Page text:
A multidisciplinary team from Clemson University will evaluate infrastructure intervention initiatives for quelling the impact of floods in South Carolina’s coastal communities with support from a $404,000 coastal community resilience grant.
“In coastal South Carolina and beyond, nuisance flooding from extremely high spring or ‘king’ tides can disrupt life for residents and visitors in our communities,” Daniel Hitchcock, associate professor at Clemson University’s Baruch Institute of Coastal Ecology and Forest Science, said in a news release. “These flood events are more routine than our unprecedented tropical events over the past few years. Recent large tropical events have certainly opened our eyes to potential adverse impacts and demonstrate the need for better data and predictive tools, as well as socioeconomic assessment.”
Clemson’s researchers will conduct geospatial analyses of flood hot spots and the economic impact in these areas, according to the news release. Hitchcock’s team will include Baruch Institute associates Marcieh Motallebi, assistant professor of applied economics, Amy Scaroni, an assistant extension professor; Bo Song, associate professor of landscape ecology; and Tom Williams, a professor emeritus in hydrology.
Economic data contrasting gray — man-made — and green infrastructure will be collected in Georgetown County for the study in collaboration with research projects in Cape Canaveral, Fla., Garden City, Ga., and New Bern and New Hanover County, N.C.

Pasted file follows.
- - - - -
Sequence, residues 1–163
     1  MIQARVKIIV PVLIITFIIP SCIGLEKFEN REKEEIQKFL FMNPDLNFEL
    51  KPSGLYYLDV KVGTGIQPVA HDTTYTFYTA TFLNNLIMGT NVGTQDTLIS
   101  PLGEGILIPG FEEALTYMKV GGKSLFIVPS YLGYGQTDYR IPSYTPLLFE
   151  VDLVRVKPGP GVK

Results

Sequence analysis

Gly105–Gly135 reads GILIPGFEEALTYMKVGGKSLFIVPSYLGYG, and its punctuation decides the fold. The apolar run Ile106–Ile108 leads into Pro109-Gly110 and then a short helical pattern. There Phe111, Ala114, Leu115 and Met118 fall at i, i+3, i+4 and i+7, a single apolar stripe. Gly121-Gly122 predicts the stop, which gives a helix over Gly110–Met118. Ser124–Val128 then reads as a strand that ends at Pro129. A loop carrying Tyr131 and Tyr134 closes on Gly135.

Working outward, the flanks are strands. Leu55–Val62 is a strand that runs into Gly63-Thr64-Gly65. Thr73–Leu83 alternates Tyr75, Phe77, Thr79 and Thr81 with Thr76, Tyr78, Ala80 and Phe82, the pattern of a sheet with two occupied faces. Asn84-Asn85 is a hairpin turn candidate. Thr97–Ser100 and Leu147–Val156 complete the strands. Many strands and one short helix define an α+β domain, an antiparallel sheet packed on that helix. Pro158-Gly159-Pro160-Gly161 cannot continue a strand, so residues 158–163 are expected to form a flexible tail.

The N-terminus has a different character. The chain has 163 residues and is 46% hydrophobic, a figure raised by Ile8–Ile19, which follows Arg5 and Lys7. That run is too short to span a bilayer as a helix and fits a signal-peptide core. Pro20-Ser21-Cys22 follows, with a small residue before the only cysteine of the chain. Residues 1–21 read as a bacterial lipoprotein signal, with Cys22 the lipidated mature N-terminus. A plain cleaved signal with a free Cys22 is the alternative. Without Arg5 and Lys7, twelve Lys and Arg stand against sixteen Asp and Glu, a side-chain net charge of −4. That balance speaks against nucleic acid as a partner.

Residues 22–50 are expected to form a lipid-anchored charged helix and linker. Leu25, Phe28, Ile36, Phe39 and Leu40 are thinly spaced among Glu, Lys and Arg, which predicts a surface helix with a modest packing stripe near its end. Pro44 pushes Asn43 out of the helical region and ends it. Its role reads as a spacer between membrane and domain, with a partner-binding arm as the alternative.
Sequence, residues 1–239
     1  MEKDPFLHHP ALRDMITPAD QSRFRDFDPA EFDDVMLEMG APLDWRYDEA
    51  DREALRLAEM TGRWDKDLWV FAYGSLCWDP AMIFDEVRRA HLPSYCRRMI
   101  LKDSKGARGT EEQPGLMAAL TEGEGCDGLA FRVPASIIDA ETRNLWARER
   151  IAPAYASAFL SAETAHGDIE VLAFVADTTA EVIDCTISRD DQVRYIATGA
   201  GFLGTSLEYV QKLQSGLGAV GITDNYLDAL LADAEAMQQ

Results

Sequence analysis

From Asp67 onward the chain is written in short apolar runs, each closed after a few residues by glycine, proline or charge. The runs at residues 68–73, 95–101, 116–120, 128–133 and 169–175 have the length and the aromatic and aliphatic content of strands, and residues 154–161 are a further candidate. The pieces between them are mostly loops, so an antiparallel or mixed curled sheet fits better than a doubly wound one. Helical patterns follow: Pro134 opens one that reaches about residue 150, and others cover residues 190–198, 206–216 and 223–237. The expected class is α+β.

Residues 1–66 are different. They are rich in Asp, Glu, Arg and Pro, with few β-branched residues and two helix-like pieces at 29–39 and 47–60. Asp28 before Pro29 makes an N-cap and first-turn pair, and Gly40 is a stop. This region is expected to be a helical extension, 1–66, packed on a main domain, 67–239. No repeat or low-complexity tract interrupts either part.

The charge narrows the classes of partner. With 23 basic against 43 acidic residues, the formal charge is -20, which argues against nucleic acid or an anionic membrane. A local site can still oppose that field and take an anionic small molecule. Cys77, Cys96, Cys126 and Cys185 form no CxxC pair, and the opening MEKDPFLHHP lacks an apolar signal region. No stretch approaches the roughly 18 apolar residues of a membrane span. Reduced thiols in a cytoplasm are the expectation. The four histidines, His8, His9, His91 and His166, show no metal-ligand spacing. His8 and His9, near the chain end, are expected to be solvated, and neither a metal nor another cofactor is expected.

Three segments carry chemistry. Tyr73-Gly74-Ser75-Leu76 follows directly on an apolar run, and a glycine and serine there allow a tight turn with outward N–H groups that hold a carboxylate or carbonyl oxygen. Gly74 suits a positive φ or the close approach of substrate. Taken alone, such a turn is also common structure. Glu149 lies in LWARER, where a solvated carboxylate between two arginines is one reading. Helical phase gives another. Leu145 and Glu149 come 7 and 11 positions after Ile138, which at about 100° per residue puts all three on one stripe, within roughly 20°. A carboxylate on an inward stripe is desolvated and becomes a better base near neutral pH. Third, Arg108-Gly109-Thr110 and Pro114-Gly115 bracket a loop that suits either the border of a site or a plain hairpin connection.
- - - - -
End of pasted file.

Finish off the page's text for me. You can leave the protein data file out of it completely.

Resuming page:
“This specific project is really more about infrastructure and access to places, whether it’s kids who have to go to school, parents who have to go to work, or people that need emergency services. Of course, tourism is potentially heavily impacted, because flooding keeps visitors away or may impact their stay, such as preventing them from going to dinner and spending money in restaurants and shops,” Hitchcock said in the release. “So, it’s really all about the evaluation of the impacts of nuisance, routine flooding in these types of areas, whether it’s urban, barrier islands, marshes or other upstream coastal property and real estate.”